Power corrupts, and absolute power corrupts absolutely? Or did you mean, you can fool some of the people all of the time, and all of the people some of the time, but you can't fool all of the people all of the time ...
This saying needs a caveat - sometimes, you can fool all of the people for enough time to complete your evil scheme.
It's more like: "You can fool enough of the people for enough of the time to complete your evil scheme".
My thoughts exactly. A truly new internet would require new pipes, not just another protocol layer.
Seems that it's just a matter if the most efficient structure being this way for both cases rather than us mimicking the workplace in the structuring of the Internet.
So you can get around the law...but only by risking the integration of something that should be kept secret into the organizational structure...which makes its way into your system. Most people aren't willing to cross that threshold.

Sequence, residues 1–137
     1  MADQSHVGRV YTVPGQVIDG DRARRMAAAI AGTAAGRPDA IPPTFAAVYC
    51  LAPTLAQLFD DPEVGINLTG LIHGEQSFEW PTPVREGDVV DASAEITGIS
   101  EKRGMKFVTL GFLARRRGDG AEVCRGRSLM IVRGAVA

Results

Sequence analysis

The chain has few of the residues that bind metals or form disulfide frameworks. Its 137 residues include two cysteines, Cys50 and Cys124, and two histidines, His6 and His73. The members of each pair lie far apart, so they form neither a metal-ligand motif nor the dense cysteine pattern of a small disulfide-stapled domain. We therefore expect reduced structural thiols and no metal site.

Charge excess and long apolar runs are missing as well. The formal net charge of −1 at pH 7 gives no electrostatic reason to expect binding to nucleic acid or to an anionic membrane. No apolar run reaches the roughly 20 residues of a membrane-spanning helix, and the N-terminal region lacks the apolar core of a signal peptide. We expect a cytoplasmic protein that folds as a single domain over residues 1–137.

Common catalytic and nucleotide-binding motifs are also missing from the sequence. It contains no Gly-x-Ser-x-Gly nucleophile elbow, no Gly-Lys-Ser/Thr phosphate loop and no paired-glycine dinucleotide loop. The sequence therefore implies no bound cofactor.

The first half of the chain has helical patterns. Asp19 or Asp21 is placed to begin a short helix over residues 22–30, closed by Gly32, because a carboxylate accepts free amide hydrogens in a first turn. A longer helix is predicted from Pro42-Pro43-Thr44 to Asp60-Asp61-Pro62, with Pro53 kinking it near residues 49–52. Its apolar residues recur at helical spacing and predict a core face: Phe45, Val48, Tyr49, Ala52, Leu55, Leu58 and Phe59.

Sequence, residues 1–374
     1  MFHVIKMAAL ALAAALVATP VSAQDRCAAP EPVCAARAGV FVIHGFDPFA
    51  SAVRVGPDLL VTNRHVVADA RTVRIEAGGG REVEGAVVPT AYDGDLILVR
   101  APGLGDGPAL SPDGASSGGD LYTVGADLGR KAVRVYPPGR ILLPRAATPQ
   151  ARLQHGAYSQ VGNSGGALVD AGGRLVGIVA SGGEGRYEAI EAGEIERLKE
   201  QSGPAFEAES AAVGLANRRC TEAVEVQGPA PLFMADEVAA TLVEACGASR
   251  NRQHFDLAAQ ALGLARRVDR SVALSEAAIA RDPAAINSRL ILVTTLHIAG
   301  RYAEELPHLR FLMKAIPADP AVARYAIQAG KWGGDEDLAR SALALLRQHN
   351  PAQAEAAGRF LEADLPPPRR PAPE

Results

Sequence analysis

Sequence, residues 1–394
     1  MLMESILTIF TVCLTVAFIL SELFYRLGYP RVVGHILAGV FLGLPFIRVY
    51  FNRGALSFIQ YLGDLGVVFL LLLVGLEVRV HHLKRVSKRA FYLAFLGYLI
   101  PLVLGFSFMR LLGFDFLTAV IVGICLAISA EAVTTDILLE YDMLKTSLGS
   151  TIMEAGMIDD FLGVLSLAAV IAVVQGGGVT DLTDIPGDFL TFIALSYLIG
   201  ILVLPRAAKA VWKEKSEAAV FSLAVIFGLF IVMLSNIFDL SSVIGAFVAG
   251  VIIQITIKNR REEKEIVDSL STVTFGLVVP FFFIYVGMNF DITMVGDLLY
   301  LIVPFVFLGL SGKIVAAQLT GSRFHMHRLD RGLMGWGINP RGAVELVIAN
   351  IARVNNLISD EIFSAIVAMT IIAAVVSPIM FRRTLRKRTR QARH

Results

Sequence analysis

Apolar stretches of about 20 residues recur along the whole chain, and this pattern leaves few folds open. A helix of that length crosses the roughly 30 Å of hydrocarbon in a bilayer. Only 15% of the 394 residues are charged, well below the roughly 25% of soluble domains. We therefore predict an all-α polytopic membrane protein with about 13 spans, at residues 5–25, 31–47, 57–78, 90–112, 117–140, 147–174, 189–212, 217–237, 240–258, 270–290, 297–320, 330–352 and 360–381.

So Conway's law is true for most people, just not all.
If you want to think about it from the adversarial point of view, you can say that all programs are designed to transform or destroy organizations; programs mirror organizational structures because people want to determine the "resonant frequency" of an organization and understand its "social vulnerabilities" in much the same way a physical structure has structural vulnerabilities.
I don't understand how this is dangerous. can you please give an example? I guess if you mimic more complex organization it may be dangerous.
And a blog
curl -o 1.htm https://blockstack-site-api.herokuapp.com/v1/blog-rss
tr -cd '\12\40-\176' < 1.htm > 2.htm
0. It's self-promoting a panacea "fix" as a product at the wrong level of abstraction.
1. Protocols and standards exist for interoperability.
2. Tries to rebuild everything (supply- and demand-sides) while fixing very little.
Fix what's here and now for the benefit of everyone with a migration path, not for the benefit of a few in a temporary, constrained, arbitrary way divides people similarly to the way Facebook tried to foist another internet onto the third-world.
I agree that rebuilding everything is hard and that's why we reuse not only TCP/IP and everything below TCP/IP in the stack, but we also reuse existing infrastructure in a decentralized way.
We've already built this stack and have been running it in production for 3+ years. Please see our peer-reviewed research papers and our whitepaper at http://blockstack.org/papers for more details. Happy to answer any questions!